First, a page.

07/02/14, by Dennis Kennedy
Welcome to the last installment of circular saws. Earlier in Circular Saws 101 we talked about why you might need a circular saw and what to look for when buying. Then, in Circular Saws 102, we talked about different types of saws, some safety tips, and blade upgrades. But this week it’s all about accuracy and ensuring a straight and smooth cut. If you follow the three steps outlined below, you will be well on your way to achieving a perfect cut!
Step 1: Line up the blade. To get started accurately, you need to align the circular saw’s blade with the cut line. There is a notch on the saw’s “foot” that lines up with the blade, so you can use that notch to position the saw properly. Then back the saw away ever so slightly, so the blade is not in contact with the wood, and pull the trigger to start the saw (photo 1).
Step 2: Start the cut. As you push the saw forward to engage the blade with the wood, you’ll be looking not at the saw’s foot, but at the blade itself to make sure it’s cutting along the line as you desired. If the blade is cutting cleanly along the line, continue to move it slowly and smoothly into the workpiece in as straight of a line as possible (photo 2).
Step 3: Look ahead. If you’re making a longer cut across a panel of plywood or lattice, now is the time to take your eyes off the blade and move them back to that notch on the foot. By keeping your eyes trained ahead like this, you are more likely to keep moving in a straight line, just like driving a car. Newer saws have laser guides that help immensely with this step (photo 3).
There will come a day when a freehand cut isn't precise enough. For those occasions I'd like to offer up a couple different strategies.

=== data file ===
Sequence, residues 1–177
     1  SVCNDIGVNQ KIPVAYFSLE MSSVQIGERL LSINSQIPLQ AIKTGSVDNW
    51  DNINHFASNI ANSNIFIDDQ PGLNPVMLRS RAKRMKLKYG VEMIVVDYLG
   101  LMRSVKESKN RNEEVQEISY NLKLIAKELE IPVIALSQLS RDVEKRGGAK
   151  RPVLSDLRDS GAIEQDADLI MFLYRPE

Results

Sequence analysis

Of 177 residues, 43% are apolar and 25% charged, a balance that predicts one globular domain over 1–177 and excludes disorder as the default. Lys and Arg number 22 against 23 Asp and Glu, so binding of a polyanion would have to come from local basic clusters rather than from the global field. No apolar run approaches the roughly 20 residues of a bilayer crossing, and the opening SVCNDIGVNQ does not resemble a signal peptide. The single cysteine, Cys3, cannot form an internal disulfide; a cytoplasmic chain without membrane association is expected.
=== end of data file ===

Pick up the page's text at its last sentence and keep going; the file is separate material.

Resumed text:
First, if you're making a cut across the board (a crosscut) the basic "speed square" is your go-to tool (photo a). Available in steel or plastic at the home center, it has a straight arm for 90-degree cuts, an angled arm for 45-degree cuts, and a "foot" that rests against the board. Just hold or clamp it into place, and run the saw along the square to make the cut. A second option is to use a straightedge. With a piece of hardboard and the straightest 1x2 you can find, you can make a basic straightedge that will become invaluable for longer cuts on panels and boards (photo b).
This straightedge is easy to make. The hardboard becomes the base of the straightedge, and the 1x2 becomes the fence. First, cut the 1x2 to the same length as the hardboard, and attach it with glue and screws.
Next, you want to make one side of the hardboard base a "reference edge" that will line up with the cut line. To do this, just cut down the side fence with the circular saw itself as indicated in the illustration above. Now when you're ready to cut, you just align the edge of the hardboard with your cutline and the cut will be perfect.
With all the choices available to you when you visit your local home center, I hope we were able to shed some light on the circular saw. Like I said early on, it's a must-have tool for any DIYer. Happy sawing!